Quick Hit One: I’d Love to See Joseph Woll Get Some Games
The Maple Leafs took a chance and have solidified their situation in net with Ilya Samsonov as the starter and Matt Murray as the backup. Perhaps that’s mostly because Murray injured a knee in a pre-game warmup. Still, Samsonov has shown his value to the team regularly.
Murray’s recent play and his injury had created some doubts about his resilience. I’d love to see the 24-year-old Joseph Woll get some games at the NHL level this season. Even if Murray doesn’t struggle, having Woll ready in case of an injury just seems considerate of the possibilities.
I would also love to see the Maple Leafs come to trust their own development system instead of constantly seeking goalies from other systems. If he proves he can handle it, I’d love to see if Woll could become the next Maple Leafs’ go-to goalie. I love it (as a fan) when the organization’s farm system is developing good players to fit the gaps. The goalie position is one of them.
Wouldn’t it be nice if the Maple Leafs could focus on developing their own rather than trading for someone else’s veteran?
Related: Would Dylan Larkin Waive No-Trade Clause to Join Maple Leafs?
Quick Hit Two: Despite Pressure, Kyle Dubas Will Not Risk the Franchise
I recently read a post yesterday that simply assumed that Maple Leafs’ general manager Kyle Dubas would risk it all (would franchise the future) to make a deep playoff run because his job was on the line. I think such speculation is wrong; or, at least I hope it’s wrong. I think Dubas is a solid hockey administrator; but, if he panicked to protect his own job at the expense of the franchise, I would think a lot less of him.
In short, Dubas’ job is to take care of his team. It’s not to protect his own job at the expense of the team. I expect Dubas to be active at the trade deadline, but I don’t believe he’ll sell out the franchise.
I’m unsure of what Dubas will do, but unless I am totally wrong I’m pretty sure what he won’t do. He won’t make a move that prioritizes keeping his job – even if the team fails in the first round of playoffs again.
Related: Alex Steeves Wants to Play for Maple Leafs, But Marlies Are Great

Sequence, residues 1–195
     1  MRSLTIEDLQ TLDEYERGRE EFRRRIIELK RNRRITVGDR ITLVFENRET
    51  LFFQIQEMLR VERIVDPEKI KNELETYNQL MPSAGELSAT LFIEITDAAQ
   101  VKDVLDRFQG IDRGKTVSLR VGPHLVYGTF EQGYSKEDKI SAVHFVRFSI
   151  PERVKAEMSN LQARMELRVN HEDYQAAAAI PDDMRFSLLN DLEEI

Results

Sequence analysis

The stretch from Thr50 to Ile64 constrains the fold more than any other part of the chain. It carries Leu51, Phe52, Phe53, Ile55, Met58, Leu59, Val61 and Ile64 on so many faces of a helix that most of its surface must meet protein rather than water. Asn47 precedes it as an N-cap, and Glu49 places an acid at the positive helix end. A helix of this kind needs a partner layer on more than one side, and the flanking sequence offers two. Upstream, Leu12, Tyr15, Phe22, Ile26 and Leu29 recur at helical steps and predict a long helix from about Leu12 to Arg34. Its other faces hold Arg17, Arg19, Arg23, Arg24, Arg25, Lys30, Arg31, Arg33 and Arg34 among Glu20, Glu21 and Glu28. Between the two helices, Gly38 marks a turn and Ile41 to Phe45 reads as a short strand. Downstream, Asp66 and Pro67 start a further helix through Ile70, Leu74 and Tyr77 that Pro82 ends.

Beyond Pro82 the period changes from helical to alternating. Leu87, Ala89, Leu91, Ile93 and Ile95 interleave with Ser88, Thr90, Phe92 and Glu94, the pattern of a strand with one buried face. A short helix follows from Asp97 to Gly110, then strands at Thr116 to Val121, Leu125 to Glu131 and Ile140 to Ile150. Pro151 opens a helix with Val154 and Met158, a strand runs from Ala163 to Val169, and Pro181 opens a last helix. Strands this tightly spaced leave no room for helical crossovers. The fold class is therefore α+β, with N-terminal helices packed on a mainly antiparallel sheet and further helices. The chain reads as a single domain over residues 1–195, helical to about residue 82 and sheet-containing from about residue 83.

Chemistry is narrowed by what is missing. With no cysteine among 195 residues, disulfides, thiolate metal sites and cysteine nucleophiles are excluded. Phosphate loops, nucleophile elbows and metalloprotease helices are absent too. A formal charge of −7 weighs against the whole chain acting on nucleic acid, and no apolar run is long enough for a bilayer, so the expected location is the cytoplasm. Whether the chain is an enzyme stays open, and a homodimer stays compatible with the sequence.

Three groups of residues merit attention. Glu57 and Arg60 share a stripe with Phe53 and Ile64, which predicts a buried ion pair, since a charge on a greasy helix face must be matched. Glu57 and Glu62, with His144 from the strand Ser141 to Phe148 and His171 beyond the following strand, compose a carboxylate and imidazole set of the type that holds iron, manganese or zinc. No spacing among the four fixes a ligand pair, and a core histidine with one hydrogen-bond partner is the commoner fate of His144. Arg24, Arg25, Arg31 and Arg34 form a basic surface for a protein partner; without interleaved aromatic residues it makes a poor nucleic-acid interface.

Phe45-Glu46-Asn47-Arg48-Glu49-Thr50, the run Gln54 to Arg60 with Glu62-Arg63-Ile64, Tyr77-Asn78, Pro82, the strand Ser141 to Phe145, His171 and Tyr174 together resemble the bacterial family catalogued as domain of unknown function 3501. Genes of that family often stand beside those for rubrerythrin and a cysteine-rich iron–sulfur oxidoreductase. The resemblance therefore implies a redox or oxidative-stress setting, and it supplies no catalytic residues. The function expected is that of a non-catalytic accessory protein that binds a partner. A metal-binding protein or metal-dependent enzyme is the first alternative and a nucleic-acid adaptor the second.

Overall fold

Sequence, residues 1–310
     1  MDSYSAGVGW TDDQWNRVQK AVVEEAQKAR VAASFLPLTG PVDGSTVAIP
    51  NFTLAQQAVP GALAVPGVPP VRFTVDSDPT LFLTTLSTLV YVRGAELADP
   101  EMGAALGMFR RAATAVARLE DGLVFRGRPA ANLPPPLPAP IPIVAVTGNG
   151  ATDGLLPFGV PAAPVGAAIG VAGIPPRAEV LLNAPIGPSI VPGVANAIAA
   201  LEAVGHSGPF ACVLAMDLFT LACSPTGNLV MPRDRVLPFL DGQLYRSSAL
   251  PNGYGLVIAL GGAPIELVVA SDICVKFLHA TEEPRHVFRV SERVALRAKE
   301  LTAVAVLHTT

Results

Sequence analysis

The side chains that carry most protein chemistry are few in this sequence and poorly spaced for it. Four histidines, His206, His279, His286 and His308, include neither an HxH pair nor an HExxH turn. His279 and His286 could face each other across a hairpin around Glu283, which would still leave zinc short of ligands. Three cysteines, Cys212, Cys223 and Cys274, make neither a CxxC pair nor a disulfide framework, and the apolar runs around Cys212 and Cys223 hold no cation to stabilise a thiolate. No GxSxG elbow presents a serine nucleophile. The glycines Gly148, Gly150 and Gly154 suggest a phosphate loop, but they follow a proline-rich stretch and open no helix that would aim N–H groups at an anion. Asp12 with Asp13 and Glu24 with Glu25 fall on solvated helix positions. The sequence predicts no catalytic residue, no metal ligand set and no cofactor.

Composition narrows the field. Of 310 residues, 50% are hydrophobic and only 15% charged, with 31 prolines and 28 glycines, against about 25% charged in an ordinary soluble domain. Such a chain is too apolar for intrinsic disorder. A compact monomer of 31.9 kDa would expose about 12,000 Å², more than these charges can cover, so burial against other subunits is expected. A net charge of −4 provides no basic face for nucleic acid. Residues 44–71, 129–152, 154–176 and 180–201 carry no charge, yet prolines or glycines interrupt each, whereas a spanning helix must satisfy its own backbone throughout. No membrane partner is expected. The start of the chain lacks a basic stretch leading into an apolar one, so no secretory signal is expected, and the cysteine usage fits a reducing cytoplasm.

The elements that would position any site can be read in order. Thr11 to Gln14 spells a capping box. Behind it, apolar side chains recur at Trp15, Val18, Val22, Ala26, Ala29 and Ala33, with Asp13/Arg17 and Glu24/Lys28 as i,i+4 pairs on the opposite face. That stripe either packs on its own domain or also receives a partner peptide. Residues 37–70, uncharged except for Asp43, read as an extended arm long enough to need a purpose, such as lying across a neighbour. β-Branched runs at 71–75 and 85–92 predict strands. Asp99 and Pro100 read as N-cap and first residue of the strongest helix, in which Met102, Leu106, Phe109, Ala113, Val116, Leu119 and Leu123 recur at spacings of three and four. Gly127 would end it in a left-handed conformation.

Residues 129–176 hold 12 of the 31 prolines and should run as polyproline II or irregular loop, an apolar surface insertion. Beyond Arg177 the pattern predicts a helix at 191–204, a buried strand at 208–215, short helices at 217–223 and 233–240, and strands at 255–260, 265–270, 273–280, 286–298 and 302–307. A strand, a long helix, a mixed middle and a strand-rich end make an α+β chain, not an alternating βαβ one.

Quick Hit Three: What are the Key Areas for Improvement at the End of the Season
As the Maple Leafs move toward the end of their season, it seems clear they will make the postseason playoffs. It’s also pretty clear they will play the Tampa Bay Lightning once again. As they engage in their preparations for the postseason, what key areas should they work on?
Here are my choices.
Area One: Creating Goaltender Stability
The team needs to help Samsonov maintain his strong play in the net. At the same time, the team needs to be built around him to provide the most solid foundation for its success.
Area Two: Balanced Offensive Consistency
The Maple Leafs have a talented group (if not an elite group) of forwards. However, the team needs to maintain consistent production throughout the rest of the lineup to become a playoff threat. How do they get more balanced secondary scoring?
Area Three: Improving the Team’s Defence
The Maple Leafs have actually played well on the blue line. But the defence lacks experience. It also might need some toughness and calmness if it is to improve its chances to make a deep playoff run.
Area Four: Special Team’s Improvement (Power-play efficiency and Improved Penalty Killing)
The team could have one of the NHL’s most dangerous power plays, but it doesn’t always work to perfection. Learning how to better capitalize on man-advantage opportunities could give the team an edge in close games. Obviously, as well, the team’s penalty kill needs to play at a high success rate.
Area Five: Maintaining Team Health
The team needs to protect its key players like Auston Matthews, Mitch Marner, William Nylander, etc. even if it means they will not be able to produce banner statistical seasons. One way to ensure the best postseason possible is to help players remain healthy into the playoffs. Specifically, Mark Giordano needs some load management.
Related: MAPLE LEAFS’ QUICK HITS: HOLMBERG, MEIER & THE TEAM’S TOP-SIX